The dazzling debut album from Halifax hip-hop–neo-soul outfit Aquakultre is both the product of personal redemption and a promise to build a better world.
In 2013, at age nineteen, Lance Sampson was convicted of drug trafficking. While serving a five-year sentence at Springhill Institution, he taught himself guitar and wrote the song “Sure.” Released for good behaviour after nineteen months, he vowed to devote his life to music. In 2018, he submitted “Sure” to the CBC’s annual Searchlight contest, which looks for Canada’s best undiscovered musical talent—and he won.
During an Aquakultre recording residency at the National Music Centre in Calgary, which was part of the prize, the group ran wild across the Centre’s world-class collection of instruments to create this infectious nine-song suite. While Sampson is the heart, soul, and voice of Aquakultre, the contributions of bandmates Nick Dourado, Jeremy Costello, and Nathan Doucet make it a powerhouse unit. The joyful spirit of the quartet’s collaboration can be heard throughout Legacy in softly simmering passages and others that boil over at full heat, with shouts, laughs, and affirmative exclamations left inside its songs, as might be heard on some classic jazz recordings.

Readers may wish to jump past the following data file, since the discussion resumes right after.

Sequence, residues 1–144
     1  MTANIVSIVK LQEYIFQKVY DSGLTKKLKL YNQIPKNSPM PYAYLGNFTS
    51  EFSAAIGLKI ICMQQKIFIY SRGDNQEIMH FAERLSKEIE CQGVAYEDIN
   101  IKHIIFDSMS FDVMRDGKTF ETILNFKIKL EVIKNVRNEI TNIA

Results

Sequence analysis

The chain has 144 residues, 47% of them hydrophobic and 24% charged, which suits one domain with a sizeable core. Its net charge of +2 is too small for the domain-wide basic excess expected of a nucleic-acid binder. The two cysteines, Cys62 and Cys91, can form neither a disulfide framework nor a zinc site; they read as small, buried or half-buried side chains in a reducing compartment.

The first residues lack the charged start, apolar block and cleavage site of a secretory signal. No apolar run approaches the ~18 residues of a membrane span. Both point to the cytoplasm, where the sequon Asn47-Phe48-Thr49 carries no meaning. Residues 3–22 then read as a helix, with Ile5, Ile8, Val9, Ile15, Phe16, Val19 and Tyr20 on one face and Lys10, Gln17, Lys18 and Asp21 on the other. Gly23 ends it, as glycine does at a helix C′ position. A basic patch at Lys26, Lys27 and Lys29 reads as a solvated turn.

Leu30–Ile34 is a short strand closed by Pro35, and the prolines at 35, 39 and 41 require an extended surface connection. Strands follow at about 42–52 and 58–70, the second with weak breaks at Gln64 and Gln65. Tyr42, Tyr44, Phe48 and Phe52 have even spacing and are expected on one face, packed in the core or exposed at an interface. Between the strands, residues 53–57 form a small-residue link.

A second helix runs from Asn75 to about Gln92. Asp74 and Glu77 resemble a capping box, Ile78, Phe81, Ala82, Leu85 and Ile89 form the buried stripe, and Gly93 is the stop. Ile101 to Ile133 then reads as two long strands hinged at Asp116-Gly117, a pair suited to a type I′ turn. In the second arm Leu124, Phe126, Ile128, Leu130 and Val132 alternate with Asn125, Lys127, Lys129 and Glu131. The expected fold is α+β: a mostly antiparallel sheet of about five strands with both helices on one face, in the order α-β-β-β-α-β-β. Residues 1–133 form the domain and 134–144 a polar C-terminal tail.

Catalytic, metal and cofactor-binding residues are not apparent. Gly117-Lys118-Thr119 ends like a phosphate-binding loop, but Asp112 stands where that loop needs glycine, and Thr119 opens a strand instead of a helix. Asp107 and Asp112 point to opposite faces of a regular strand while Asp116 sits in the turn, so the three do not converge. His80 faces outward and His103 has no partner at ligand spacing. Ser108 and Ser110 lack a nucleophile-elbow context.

Sampson’s lyrics showcase his heartfelt ambition to become a positive force in his community; he admits his weakness in the album’s opening lines: “A strong man I am / On the surface / Dying inside.” The group sways like a gospel choir on “Don’t Forget,” wafts out smoky plumes on the instrumental “Time and Affection,” and combines shimmering synth-pop with handclaps on “Pay It Forward.” Legacy’s most relentlessly funky song is the reimagined version of “Wife Tonight.” Originally one of Sampson’s earliest Auto-Tune serenades, it now sounds like a Stevie Wonder boogie.
Aquakultre’s messages of consciousness and unity are laid out clearly in “I Doubt It,” as Sampson delivers the salvo that could become his calling card: “Wait a minute / capitalism and prison systems / I can't tell the difference / Meanwhile / I’m too busy bigging up my people / Encouraging them to speak loud.” As the band settles into a jazzy, Native-Tongues flow, Sampson’s true destiny is revealed: he is the leader of leaders in the modern-love movement.

Photo of Aquakultre by Caitlin Cronenberg.